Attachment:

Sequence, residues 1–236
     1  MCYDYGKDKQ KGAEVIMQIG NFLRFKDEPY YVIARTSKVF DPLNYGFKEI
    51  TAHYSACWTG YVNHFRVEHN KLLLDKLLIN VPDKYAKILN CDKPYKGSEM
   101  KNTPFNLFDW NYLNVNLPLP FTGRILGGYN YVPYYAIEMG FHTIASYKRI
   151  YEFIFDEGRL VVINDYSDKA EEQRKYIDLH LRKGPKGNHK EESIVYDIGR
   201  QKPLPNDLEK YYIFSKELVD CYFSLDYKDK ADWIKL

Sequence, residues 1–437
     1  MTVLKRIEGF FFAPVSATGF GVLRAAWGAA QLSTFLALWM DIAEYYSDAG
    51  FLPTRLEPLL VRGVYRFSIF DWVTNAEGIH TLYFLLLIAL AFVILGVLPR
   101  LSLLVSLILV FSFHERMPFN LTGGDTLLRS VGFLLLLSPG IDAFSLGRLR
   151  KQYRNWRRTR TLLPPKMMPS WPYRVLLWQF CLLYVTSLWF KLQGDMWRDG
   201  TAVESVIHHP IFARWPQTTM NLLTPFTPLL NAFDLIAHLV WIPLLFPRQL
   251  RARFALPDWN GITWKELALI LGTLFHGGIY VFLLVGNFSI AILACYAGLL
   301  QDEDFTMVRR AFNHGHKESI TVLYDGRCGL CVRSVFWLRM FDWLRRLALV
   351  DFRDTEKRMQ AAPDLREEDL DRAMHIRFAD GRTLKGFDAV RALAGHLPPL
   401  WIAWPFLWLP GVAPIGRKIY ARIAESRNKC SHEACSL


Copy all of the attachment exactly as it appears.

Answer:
Sequence, residues 1–236
     1  MCYDYGKDKQ KGAEVIMQIG NFLRFKDEPY YVIARTSKVF DPLNYGFKEI
    51  TAHYSACWTG YVNHFRVEHN KLLLDKLLIN VPDKYAKILN CDKPYKGSEM
   101  KNTPFNLFDW NYLNVNLPLP FTGRILGGYN YVPYYAIEMG FHTIASYKRI
   151  YEFIFDEGRL VVINDYSDKA EEQRKYIDLH LRKGPKGNHK EESIVYDIGR
   201  QKPLPNDLEK YYIFSKELVD CYFSLDYKDK ADWIKL

Sequence, residues 1–437
     1  MTVLKRIEGF FFAPVSATGF GVLRAAWGAA QLSTFLALWM DIAEYYSDAG
    51  FLPTRLEPLL VRGVYRFSIF DWVTNAEGIH TLYFLLLIAL AFVILGVLPR
   101  LSLLVSLILV FSFHERMPFN LTGGDTLLRS VGFLLLLSPG IDAFSLGRLR
   151  KQYRNWRRTR TLLPPKMMPS WPYRVLLWQF CLLYVTSLWF KLQGDMWRDG
   201  TAVESVIHHP IFARWPQTTM NLLTPFTPLL NAFDLIAHLV WIPLLFPRQL
   251  RARFALPDWN GITWKELALI LGTLFHGGIY VFLLVGNFSI AILACYAGLL
   301  QDEDFTMVRR AFNHGHKESI TVLYDGRCGL CVRSVFWLRM FDWLRRLALV
   351  DFRDTEKRMQ AAPDLREEDL DRAMHIRFAD GRTLKGFDAV RALAGHLPPL
   401  WIAWPFLWLP GVAPIGRKIY ARIAESRNKC SHEACSL